An aesthetics of inadequacy.
August 16, 2002 9:31 PM   Subscribe

An aesthetics of inadequacy. "Despite Aeschylus's statement, 'All knowledge comes from suffering,' all that came from my suffering was suffering." An interview with Alan Shapiro, the author of Song and Dance, about poetry as an attempt of mourning.
posted by semmi (3 comments total)
The best tragedies appeal to our desire for art to redeem or make sense of the terrible things that happen to us, and at the same time acknowledge the improbability of it ever doing so.

Whenever I direct a play, thoughts like this fly through my heart. We want the art we make to have an effect - hopefully a useful effect - on the audience, but are always dogged by the fact that it is so hard - so very hard - to truly have an effect on a person's life.

Thank you for the link, semmi. I am going to look into Shapiro's work.
posted by Joey Michaels at 10:58 PM on August 16, 2002

Yes, thanks. The remark about tragedy reminded me of my current big read, Musil's The Man Without Qualities. I had Alan mixed up with krusty old Karl, bard of the cantankerous, for a moment. Tried to track back, too, but it did not seem to work. Dang! Off to the FAQs I go ....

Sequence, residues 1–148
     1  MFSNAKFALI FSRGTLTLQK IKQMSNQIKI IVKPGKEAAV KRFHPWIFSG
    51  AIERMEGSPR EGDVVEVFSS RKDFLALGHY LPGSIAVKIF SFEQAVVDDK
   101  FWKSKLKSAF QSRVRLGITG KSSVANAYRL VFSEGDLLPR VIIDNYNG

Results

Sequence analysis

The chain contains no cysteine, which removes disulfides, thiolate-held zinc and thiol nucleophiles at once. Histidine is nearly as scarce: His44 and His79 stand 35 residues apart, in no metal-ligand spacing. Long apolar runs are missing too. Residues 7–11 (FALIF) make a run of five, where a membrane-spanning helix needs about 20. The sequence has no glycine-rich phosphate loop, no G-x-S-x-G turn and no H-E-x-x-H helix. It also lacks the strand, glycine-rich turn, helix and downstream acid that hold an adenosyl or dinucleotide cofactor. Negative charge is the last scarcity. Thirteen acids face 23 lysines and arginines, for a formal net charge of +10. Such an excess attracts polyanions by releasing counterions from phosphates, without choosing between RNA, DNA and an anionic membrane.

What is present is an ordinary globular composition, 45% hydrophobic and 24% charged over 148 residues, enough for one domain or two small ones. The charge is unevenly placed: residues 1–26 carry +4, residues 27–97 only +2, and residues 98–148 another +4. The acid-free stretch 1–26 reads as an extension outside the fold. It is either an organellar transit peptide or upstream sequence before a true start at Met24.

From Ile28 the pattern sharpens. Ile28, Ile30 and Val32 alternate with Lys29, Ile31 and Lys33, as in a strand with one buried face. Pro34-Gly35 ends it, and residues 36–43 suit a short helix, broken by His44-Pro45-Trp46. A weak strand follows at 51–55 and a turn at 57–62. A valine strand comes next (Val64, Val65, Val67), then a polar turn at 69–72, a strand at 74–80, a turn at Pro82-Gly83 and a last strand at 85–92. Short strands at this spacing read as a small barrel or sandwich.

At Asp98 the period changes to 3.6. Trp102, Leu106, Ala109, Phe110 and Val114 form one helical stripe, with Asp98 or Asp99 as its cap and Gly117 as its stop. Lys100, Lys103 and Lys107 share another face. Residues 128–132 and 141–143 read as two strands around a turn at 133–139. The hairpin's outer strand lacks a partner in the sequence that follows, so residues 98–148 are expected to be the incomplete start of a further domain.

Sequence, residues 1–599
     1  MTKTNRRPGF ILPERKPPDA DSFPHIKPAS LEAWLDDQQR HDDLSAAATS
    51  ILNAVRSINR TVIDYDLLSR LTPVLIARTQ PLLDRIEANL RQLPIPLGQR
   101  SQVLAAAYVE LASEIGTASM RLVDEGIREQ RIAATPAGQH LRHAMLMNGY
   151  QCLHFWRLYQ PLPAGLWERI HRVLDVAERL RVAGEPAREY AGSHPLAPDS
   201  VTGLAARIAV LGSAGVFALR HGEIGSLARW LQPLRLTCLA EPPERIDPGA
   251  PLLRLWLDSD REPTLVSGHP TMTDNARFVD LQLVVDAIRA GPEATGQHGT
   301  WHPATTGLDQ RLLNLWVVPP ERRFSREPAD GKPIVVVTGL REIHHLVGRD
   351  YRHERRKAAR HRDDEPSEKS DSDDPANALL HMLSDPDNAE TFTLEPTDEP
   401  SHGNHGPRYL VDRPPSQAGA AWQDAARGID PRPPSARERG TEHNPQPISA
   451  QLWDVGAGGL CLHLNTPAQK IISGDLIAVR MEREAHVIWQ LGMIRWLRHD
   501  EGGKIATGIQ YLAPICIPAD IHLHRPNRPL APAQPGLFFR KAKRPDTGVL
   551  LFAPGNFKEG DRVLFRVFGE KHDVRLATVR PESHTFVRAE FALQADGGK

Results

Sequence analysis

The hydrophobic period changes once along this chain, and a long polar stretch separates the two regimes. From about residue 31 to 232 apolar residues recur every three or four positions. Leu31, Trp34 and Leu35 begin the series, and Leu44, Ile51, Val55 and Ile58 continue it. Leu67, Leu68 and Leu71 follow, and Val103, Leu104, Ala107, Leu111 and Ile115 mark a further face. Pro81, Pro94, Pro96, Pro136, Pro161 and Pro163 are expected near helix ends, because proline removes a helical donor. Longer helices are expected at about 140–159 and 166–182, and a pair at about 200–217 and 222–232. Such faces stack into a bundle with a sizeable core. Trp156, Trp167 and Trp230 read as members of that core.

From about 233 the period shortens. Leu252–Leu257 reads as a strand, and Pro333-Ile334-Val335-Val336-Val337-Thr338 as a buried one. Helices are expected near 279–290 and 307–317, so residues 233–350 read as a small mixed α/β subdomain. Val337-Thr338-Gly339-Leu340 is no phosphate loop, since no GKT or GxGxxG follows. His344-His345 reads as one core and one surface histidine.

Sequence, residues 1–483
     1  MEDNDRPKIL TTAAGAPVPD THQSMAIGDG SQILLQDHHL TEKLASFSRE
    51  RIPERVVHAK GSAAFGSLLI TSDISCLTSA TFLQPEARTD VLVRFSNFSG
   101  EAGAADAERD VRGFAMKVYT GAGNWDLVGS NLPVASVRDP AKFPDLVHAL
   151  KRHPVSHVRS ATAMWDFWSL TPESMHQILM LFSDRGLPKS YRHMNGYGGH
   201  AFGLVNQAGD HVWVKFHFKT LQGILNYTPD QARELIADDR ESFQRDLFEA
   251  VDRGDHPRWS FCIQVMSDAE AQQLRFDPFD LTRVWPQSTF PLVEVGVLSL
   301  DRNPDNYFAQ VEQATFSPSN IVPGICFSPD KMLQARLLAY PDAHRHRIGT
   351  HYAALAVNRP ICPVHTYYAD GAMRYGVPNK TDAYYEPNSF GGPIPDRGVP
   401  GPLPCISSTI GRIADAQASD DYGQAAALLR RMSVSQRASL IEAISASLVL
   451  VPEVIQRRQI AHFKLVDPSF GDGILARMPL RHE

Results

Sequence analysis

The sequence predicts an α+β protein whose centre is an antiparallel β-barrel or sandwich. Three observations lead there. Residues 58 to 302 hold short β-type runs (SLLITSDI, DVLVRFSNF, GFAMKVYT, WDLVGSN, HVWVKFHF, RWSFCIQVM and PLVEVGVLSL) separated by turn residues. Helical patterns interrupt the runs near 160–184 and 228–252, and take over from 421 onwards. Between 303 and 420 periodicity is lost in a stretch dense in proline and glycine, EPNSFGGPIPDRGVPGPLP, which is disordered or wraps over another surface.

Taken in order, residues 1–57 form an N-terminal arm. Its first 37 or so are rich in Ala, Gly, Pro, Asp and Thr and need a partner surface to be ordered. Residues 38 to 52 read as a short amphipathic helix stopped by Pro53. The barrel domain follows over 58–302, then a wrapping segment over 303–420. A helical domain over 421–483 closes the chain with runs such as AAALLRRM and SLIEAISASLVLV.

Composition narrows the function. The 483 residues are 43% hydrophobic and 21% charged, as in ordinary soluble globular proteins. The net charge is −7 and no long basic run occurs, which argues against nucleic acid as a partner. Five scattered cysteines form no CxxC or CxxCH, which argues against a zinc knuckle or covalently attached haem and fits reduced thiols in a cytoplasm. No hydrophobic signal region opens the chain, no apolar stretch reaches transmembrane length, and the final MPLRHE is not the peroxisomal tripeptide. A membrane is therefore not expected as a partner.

posted by hairyeyeball at 4:33 AM on August 17, 2002

I'm wondering about the meaning of small response to a posting. Is it because to its perfection there is little to add, or because the post is uninteresting to most people?

Either way, I'm enjoying the company as I worked in the theater in an earlier life, and Musil's The Man Without Qualities is one of the top concentratedly beautiful and meaningful experiences in my life, and even though around volume 2 my wife #2 of 13 years has left me, the depth of the book's enjoyment didn't diminish, to the contrary...
posted by semmi at 12:43 PM on August 17, 2002

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